FIRST-PERSON: Fruitful follow-up

by David Frasure, posted Monday, July 10, 2017 (2 months ago)

SOUTH LEBANON, Ohio (BP) -- It is an old saying but nevertheless true: You never get a second chance to make a first impression.

It is especially true in the work of the church. How Sunday School classes and small groups receive their guests is critical to their success in reaching new people.

Another critical factor in keeping the guests coming back is follow-up. It is exciting to have a big week like Vacation Bible School and see the potential of a church full of children, but how we follow up with these kids and their families often determines if we will ever see them again.

Here are five facts to consider:

1. Follow-up demonstrates biblical hospitality.

The Bible says, "Be kindly affectionate to one another with brotherly love, in honor giving preference to one another … given to hospitality" (Romans 12:10-13). Good follow-up is simply a good, hospitable way of treating your guests.

2. Follow-up with guests is a good ministry strategy.

There is no better prospect than the one who visited last week. She has already demonstrated a level of interest by attending. If she can get connected and build friendships with others, there is a good chance she'll be back. If she gets a call or visit from the teacher or group leader, it is even more impressive.

3. The most successful follow-up happens outside the church.

We can invite our guests to fellowships and ministry projects. We can visit in their home to see if they have questions about the church. We can send a thank you card for their visit. We can call and find out if there are any special prayer needs and pray over the phone with the prospect. We can invite them over for pizza and a movie. All these things are living demonstrations to your guests that you care about them.

4. The more people involved in follow-up, the better.

People are living and working with others every day but often without making a single friend. People in our culture long for the happy friendships they see on the sitcoms, yet find themselves lonely and isolated. They want meaningful relationships with others outside their own homes. The Sunday School class or small group offers the perfect opportunity for such relationships. The potential for these relationships grows as more of your members are involved in the follow-up process.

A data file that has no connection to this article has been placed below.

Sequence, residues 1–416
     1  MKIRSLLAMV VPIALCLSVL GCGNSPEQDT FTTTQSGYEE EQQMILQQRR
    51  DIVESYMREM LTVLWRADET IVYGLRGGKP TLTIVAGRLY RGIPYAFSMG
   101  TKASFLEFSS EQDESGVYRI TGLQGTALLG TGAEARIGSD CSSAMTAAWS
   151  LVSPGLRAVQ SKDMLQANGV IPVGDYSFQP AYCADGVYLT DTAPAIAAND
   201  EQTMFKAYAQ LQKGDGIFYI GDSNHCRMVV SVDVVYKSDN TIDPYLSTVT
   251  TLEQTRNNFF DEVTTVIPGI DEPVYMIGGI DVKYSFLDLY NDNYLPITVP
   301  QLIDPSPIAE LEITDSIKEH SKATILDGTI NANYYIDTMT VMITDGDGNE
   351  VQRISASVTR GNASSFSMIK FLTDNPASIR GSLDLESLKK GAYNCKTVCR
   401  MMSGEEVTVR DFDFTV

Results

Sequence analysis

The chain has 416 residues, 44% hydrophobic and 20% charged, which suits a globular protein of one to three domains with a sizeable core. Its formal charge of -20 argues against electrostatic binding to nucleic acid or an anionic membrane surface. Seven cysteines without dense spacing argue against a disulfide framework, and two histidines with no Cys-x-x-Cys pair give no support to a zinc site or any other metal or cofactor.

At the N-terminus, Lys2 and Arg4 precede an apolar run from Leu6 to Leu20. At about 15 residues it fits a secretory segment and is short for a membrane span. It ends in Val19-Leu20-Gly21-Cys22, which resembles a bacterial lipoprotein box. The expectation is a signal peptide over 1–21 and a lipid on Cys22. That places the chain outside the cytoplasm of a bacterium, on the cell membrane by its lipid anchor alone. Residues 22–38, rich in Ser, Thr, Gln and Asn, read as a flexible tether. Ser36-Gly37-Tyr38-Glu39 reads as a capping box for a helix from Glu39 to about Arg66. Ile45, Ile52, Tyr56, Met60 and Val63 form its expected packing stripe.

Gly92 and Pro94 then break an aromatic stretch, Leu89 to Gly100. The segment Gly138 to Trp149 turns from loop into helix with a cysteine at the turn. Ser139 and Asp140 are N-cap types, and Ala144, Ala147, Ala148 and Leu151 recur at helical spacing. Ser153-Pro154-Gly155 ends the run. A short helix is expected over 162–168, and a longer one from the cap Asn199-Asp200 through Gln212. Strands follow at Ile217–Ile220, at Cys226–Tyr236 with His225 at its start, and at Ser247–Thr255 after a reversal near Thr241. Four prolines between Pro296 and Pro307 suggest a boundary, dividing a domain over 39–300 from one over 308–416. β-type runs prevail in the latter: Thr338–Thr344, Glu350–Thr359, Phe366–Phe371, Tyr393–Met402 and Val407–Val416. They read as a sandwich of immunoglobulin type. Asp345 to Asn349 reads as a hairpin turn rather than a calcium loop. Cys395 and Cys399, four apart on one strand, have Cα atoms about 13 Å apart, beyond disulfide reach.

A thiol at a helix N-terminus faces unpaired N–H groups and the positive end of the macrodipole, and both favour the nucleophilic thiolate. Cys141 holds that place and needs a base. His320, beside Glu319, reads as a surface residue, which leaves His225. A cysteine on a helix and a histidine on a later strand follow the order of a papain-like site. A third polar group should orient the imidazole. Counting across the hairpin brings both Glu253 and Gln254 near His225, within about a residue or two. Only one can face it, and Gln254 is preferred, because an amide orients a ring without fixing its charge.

5. Sooner or later it boils down to someone doing the work.

No teacher or group leader can do all the follow-up that is needed, so have an assistant or enlist an evangelism leader to help you with follow-up. Each class should keep a record of the guests who attend. The evangelism leader keeps that information and assigns or makes contacts on a regular basis.

One teacher I heard of made a list of prospects who had visited over time and asked for four volunteers willing to make phone calls and write letters. The teacher divided the list by four and assigned the names to the four volunteers. Each volunteer contacted the people on his or her list that week. Then the teacher switched the lists for the second week and so on. Every prospect was contacted four weeks in a row by four different people. It wasn't long before the people on the prospect list became enrollees and regular attendees. The follow-up project took very little time, but it produced amazing results.

The Nike shoe company uses the slogan, "Just Do It." It is simple and to the point. When it comes to contacting absentees and prospects, we, also, need to prioritize and just do it -- to bring lost and empty souls into fellowship with Jesus and His people.

Dave Frasure is pastor of First Baptist Church in South Lebanon, Ohio, and the Cincinnati Area Baptist Association's disciple-making catalyst.
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